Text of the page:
Read Oronooko: The Royal Slave by Aphra Behn Free Online
Book Title: Oronooko: The Royal Slave|
The author of the book: Aphra Behn
Format files: PDF
The size of the: 388 KB
Edition: Start Classics
Date of issue: February 13th 2015
ISBN: No data
ISBN 13: No data
Read full description of the books Oronooko: The Royal Slave:"When Prince Oroonoko's passion for the virtuous Imoinda arouses the jealousy of his grandfather, the lovers are cast into slavery and transported from Africa to the colony of Surinam. Oroonoko's noble bearing soon wins the respect of his English captors, but his struggle for freedom brings about his destruction. Inspired by Aphra Behn's visit to Surinam, Oroonoko reflects the author's romantic view of native peoples as in 'the first state of innocence, before man knew how to sin'. The novel also reveals Behn's ambiguous attitude to African slavery - while she favoured it as a means to strengthen England's rule, her powerful and moving work conveys its injustice and brutality." This new edition of Oroonoko is based on the first printed version of 1688, and includes a chronology, further reading and notes. In her introduction, Janet Todd examines Aphra Behn's views of slavery, colonization and politics, and her position as a professional woman writer in Restoration.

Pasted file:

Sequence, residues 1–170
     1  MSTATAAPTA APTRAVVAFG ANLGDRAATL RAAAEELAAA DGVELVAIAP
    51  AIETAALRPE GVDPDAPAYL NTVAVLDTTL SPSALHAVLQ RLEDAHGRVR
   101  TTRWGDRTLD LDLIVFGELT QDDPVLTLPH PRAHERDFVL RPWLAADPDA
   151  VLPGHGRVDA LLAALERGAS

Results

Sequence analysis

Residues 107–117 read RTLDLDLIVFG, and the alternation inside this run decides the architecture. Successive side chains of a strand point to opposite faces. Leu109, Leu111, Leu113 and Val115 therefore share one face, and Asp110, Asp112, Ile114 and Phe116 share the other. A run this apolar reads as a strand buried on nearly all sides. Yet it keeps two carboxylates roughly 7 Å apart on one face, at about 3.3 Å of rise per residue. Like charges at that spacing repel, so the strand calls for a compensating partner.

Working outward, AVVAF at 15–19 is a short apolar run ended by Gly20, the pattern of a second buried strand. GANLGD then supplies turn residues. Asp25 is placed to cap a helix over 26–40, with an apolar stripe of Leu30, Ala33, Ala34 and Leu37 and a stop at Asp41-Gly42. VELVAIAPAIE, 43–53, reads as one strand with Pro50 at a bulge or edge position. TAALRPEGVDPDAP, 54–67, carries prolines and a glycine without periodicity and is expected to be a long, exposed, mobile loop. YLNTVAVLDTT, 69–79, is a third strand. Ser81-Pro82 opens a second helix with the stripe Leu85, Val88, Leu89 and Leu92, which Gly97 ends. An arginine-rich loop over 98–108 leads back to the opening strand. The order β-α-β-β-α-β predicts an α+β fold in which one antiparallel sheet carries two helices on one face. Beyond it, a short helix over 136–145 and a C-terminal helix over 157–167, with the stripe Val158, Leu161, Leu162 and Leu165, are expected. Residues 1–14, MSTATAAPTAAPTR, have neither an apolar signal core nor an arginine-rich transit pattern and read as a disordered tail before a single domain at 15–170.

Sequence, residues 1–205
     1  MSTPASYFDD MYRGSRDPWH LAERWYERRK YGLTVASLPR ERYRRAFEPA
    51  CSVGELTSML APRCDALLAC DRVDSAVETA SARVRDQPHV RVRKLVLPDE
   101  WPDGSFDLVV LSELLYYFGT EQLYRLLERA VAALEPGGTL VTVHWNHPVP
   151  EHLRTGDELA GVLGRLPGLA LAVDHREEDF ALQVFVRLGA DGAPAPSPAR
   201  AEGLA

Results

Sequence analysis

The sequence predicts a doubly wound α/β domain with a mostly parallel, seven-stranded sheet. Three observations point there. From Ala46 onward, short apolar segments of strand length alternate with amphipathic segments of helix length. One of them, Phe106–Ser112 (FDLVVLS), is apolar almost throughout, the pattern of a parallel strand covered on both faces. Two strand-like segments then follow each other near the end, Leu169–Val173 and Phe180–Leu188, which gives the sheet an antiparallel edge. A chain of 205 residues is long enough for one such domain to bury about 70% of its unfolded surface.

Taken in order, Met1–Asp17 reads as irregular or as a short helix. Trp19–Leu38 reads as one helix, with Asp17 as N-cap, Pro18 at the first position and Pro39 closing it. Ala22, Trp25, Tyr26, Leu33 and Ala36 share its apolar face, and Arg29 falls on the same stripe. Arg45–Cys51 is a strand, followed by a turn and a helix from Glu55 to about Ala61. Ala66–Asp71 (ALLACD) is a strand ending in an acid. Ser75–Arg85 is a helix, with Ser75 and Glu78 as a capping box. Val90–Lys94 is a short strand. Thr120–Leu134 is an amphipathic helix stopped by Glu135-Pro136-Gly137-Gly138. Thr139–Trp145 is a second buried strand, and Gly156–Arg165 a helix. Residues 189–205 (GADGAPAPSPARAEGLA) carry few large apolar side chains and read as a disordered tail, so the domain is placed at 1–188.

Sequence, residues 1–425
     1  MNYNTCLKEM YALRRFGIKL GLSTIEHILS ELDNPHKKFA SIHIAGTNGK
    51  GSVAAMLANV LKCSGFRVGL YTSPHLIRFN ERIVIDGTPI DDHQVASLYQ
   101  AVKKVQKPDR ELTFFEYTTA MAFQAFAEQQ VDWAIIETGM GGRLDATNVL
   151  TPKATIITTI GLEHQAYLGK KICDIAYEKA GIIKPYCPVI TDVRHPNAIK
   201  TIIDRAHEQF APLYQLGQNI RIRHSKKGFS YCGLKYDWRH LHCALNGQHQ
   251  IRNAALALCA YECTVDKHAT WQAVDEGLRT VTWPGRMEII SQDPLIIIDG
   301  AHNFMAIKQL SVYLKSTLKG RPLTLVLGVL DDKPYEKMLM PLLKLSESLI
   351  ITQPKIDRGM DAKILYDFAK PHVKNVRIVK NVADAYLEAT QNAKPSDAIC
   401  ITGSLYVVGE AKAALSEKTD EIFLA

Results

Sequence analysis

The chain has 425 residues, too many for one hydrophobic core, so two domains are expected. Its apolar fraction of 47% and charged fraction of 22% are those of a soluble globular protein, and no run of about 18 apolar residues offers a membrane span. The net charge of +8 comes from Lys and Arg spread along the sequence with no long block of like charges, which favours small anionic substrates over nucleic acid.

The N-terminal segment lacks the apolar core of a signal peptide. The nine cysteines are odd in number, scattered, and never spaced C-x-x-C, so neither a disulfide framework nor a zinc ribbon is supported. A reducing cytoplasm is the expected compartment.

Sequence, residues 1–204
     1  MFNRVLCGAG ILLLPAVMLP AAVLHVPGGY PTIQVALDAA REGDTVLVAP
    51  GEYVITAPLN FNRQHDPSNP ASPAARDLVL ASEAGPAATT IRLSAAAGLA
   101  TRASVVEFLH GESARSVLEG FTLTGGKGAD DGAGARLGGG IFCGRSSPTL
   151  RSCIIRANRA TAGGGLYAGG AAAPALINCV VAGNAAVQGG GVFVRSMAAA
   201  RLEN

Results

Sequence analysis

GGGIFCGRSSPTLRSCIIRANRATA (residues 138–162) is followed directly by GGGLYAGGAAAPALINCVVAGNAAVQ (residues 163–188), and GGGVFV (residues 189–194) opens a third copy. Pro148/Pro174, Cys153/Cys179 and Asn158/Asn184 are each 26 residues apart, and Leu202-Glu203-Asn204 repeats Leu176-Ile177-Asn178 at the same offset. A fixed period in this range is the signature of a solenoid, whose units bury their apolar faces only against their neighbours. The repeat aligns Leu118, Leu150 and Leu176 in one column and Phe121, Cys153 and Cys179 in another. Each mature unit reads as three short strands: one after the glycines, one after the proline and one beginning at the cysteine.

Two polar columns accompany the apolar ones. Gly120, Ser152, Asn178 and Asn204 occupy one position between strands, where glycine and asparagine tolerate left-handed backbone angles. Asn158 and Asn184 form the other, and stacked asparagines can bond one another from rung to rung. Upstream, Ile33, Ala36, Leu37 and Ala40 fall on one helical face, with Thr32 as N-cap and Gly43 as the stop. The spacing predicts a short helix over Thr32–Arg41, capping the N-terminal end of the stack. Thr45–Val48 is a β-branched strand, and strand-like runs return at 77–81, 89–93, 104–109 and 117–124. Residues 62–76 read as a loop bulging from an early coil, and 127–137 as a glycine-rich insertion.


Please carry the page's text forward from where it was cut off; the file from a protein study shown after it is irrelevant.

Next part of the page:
Read information about the authorAphra Behn was a prolific dramatist of the English Restoration and was one of the first English professional female writers. Her writing contributed to the amatory fiction genre of British literature. Along with Delarivier Manley and Eliza Haywood, she is sometimes referred to as part of "The fair triumvirate of wit."
In author Virginia Woolf's reckoning, Behn's total career is more important than any particular work it produced. Woolf wrote, "All women together, ought to let flowers fall upon the grave of Aphra Behn... for it was she who earned them the right to speak their minds." Vita Sackville-West called Behn 'an inhabitant of Grub Street with the best of them, ... a phenomenon never seen and ... furiously resented.' She was, as Felix Shelling said, 'a very gifted woman, compelled to write for bread in an age in which literature ... catered habitually to the lowest and most depraved of human inclinations. Her success depended upon her ability to write like a man.' ... She was, as Edmund Gosse remarked, 'the George Sand of the Restoration,' and she lived the Bohemian life in London in the seventeenth century as George Sand lived it in Paris in the nineteenth.
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